Seeds of State Ransomware Attack Planted in Virginia’s Legislative Computing System Last Spring | Government and politics
“It demonstrates something that’s not a Richmond problem – it’s a national problem,” he said.
A criminal investigation is underway, led by the Virginia State Police with the help of the FBI, to determine who was behind the attack.
Warner, who is in Richmond to attend the inauguration of Governor-elect Glenn Youngkin on Saturday, said “no definitive amount” of ransom was demanded by the attackers and the state refused to follow them “in the Dark Web” of the Internet to find.
He said he had no evidence that foreign countries, such as Russia or China, were involved in the Virginia attack, but he noted that domestic adversaries like to disrupt government operations in the United States. states, including those at the state level.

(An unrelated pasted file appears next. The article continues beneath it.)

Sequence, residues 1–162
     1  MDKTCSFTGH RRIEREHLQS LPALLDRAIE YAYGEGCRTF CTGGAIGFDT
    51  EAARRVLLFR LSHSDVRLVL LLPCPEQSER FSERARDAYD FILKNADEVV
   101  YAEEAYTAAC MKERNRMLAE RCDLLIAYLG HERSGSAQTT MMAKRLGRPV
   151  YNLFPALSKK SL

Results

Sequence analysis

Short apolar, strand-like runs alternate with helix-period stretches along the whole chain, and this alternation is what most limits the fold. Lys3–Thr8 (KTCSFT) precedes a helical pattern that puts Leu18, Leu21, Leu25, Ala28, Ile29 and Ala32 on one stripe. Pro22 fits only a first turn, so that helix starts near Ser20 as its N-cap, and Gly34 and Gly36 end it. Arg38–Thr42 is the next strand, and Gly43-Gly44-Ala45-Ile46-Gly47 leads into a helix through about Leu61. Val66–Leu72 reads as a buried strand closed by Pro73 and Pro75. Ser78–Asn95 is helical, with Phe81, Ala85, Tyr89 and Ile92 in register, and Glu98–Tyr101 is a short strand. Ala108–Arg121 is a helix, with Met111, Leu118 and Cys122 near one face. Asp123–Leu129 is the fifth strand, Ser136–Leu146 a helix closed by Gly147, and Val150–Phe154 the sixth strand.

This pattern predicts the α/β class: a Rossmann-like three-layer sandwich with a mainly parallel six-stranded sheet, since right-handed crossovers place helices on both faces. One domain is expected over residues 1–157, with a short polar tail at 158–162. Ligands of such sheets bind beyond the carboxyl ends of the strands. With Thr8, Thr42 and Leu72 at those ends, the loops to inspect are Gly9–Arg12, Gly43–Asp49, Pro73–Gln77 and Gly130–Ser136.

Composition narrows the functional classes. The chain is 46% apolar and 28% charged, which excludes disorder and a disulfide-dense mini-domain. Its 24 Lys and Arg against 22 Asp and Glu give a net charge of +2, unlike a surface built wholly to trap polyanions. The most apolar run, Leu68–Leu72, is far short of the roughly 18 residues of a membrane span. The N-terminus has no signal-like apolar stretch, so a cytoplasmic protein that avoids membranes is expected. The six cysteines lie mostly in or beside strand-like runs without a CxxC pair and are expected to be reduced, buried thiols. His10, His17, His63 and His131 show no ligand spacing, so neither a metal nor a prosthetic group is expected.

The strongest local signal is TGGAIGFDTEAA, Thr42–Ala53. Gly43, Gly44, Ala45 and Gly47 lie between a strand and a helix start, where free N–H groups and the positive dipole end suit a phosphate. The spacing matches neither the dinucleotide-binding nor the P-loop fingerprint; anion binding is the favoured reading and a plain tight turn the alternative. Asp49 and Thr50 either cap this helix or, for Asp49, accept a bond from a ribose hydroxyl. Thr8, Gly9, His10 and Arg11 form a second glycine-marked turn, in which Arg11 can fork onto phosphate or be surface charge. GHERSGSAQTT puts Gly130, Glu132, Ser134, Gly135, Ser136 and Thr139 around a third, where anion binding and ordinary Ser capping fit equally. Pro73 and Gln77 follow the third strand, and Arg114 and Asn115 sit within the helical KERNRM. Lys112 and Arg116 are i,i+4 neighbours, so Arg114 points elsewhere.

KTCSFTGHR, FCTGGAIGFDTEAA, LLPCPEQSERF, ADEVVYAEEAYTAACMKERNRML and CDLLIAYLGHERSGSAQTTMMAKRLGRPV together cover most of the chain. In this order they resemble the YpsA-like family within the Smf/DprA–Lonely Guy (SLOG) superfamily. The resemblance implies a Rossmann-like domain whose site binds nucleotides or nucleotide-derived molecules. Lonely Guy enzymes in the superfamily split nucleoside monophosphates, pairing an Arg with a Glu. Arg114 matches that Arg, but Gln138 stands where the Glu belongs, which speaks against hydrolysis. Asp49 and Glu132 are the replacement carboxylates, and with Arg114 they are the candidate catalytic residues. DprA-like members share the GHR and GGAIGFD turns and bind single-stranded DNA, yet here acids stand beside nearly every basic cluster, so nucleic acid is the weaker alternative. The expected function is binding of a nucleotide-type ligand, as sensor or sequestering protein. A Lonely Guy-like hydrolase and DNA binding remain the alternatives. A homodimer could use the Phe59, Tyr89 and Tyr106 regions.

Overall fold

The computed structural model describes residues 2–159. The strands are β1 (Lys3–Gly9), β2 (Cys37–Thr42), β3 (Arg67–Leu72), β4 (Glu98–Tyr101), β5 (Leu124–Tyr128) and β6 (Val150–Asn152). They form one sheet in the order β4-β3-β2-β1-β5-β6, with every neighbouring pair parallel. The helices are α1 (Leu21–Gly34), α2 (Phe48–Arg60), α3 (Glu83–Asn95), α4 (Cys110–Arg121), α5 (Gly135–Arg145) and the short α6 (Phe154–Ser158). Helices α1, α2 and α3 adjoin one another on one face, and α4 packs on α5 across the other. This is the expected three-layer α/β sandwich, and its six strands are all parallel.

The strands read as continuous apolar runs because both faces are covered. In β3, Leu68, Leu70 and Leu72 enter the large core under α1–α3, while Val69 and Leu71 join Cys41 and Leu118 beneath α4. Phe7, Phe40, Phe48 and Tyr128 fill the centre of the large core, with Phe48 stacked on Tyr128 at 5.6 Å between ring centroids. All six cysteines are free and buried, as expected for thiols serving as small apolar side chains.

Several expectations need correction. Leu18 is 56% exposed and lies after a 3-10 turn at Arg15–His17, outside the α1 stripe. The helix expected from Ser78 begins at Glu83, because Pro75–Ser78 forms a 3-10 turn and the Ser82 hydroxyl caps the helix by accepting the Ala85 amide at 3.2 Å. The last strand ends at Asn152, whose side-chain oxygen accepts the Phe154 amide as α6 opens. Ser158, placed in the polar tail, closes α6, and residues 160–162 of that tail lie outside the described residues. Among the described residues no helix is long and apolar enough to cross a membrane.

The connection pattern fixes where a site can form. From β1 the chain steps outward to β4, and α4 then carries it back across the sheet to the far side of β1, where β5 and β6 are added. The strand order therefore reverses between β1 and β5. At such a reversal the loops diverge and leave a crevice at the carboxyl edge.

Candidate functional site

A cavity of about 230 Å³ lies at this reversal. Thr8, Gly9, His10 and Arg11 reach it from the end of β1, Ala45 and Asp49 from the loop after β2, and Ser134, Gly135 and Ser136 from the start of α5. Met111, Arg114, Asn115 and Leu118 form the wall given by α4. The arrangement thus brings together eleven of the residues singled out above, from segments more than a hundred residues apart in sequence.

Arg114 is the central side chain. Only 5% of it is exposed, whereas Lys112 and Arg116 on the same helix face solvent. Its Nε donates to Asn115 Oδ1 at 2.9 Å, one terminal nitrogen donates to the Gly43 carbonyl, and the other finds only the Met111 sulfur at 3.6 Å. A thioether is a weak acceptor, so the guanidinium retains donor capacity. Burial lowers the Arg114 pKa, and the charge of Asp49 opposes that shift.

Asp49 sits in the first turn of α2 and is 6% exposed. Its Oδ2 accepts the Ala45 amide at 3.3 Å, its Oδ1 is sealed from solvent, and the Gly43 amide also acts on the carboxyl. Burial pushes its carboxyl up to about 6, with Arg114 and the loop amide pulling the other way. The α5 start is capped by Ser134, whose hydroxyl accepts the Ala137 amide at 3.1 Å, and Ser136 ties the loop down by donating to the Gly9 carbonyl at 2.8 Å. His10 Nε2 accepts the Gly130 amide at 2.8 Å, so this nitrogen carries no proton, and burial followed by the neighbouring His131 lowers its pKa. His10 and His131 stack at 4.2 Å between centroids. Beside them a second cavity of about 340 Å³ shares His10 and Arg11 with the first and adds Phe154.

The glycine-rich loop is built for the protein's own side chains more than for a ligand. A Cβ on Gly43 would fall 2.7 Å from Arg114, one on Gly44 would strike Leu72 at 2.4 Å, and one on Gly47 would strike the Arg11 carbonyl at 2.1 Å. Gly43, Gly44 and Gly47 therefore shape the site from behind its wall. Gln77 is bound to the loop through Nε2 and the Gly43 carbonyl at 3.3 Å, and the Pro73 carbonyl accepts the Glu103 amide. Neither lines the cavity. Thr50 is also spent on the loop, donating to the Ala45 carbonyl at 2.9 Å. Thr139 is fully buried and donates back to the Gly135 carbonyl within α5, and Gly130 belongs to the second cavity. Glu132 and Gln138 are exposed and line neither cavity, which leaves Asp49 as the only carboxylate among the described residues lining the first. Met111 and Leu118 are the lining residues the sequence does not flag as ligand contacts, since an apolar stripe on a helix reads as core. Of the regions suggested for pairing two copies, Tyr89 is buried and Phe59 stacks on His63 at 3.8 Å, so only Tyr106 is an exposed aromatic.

“It’s the kind of stuff our opponents like to play with,” he said.
Warner said the state discovered in late March that someone had broken into the system. IT experts thought they had cleared the system of malware planted by attackers, but this fall saw proof that they were wrong.
“They thought they had taken out the bad guys,” he said, but “the bad guys were still in the system.”
Warner said the Legislature’s IT agency was “well, well on its way” to sanitizing compromised computer systems.